Now showing 1 - 2 of 2
  • Publication
    An intra-articular salmon calcitonin-based nanocomplex reduces experimental inflammatory arthritis
    Prolonged inappropriate inflammatory responses contribute to the pathogenesis of rheumatoid arthritis (RA) and to aspects of osteoarthritis (OA). The orphan nuclear receptor, NR4A2, is a key regulator and potential biomarker for inflammation and represents a potentially valuable therapeutic target. Both salmon calcitonin (sCT) and hyaluronic acid (HA) attenuated activated mRNA expression of NR4A1, NR4A2, NR4A3, and matrix metalloproteinases (MMPs) 1, 3 and 13 in three human cell lines: SW1353 chondrocytes, U937 and THP-1 monocytes. Ad-mixtures of sCT and HA further down-regulated expression of NR4A2 compared to either agent alone at specific concentrations, hence the rationale for their formulation in nanocomplexes (NP) using chitosan. The sCT released from NP stimulated cAMP production in human T47D breast cancer cells expressing sCT receptors. When NP were injected by the intra-articular (I.A.) route to the mouse knee during on-going inflammatory arthritis of the K/BxN serum transfer model, joint inflammation was reduced together with NR4A2 expression, and local bone architecture was preserved. These data highlight remarkable anti-inflammatory effects of sCT and HA at the level of reducing NR4A2 mRNA expression in vitro. Combining them in NP elicits anti-arthritic effects in vivo following I. A. delivery.
      900Scopus© Citations 57
  • Publication
    Intra-articular delivery of a nanocomplex comprising salmon calcitonin, hyaluronic acid, and chitosan using an equine model of joint inflammation
    Polyelectrolyte nanoparticle constructs (NPs) comprising salmon calcitonin (sCT), chitosan (CS), and hyaluronic acid (HA) were previously established as having anti-inflammatory potential when injected via the intra-articular (i.a.) route to a mouse model. We attempted to translate the formulation to a large animal model, the lipopolysaccharide (LPS)-stimulated equine model of joint inflammation. The aim was to manufacture under aseptic conditions to produce sterile pyrogen-free NPs, to confirm physicochemical characteristics, and to test toxicity and efficacy in a pilot study. NP dispersions were successfully formulated using pharmaceutical-grade source materials and were aseptically manufactured under GMP-simulated conditions in a grade A modular aseptic processing workstation. The NP formulation had no detectable pathogen or endotoxin contamination. NPs were then tested versus a lactated Ringer’s solution control following single i.a. injections to the radiocarpal joints of two groups of four horses pre-treated with LPS, followed by arthrocentesis at set intervals over 1 week. There was no evidence of treatment-related toxicity over the period. While there were no differences between clinical read-outs of the NP and the control, two synovial fluid-derived biomarkers associated with cartilage turnover revealed a beneficial effect of NPs. In conclusion, NPs comprising well-known materials were manufactured for an equine i.a.-injectable pilot study and yielded no NP-attributable toxicity. Evidence of NP-associated benefit at the level of secondary endpoints was detected as a result of decreases in synovial fluid inflammatory biomarkers.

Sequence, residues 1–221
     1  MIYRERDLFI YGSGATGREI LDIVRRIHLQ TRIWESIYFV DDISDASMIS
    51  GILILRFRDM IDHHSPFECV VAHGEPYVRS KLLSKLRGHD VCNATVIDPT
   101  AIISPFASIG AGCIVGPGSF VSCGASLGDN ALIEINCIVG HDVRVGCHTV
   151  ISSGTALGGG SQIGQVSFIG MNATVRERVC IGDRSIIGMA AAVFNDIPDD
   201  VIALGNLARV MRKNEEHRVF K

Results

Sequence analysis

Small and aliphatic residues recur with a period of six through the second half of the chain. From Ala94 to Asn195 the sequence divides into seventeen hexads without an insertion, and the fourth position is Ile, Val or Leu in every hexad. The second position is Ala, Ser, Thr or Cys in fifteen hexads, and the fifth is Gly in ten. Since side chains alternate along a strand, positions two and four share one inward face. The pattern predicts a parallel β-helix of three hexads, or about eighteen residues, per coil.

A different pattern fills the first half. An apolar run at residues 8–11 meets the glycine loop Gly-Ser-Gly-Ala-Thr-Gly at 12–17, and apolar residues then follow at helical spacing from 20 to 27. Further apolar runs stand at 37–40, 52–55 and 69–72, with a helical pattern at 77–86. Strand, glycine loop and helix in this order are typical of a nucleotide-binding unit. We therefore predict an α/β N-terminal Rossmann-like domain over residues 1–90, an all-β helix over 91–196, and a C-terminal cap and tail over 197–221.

352Scopus© Citations 9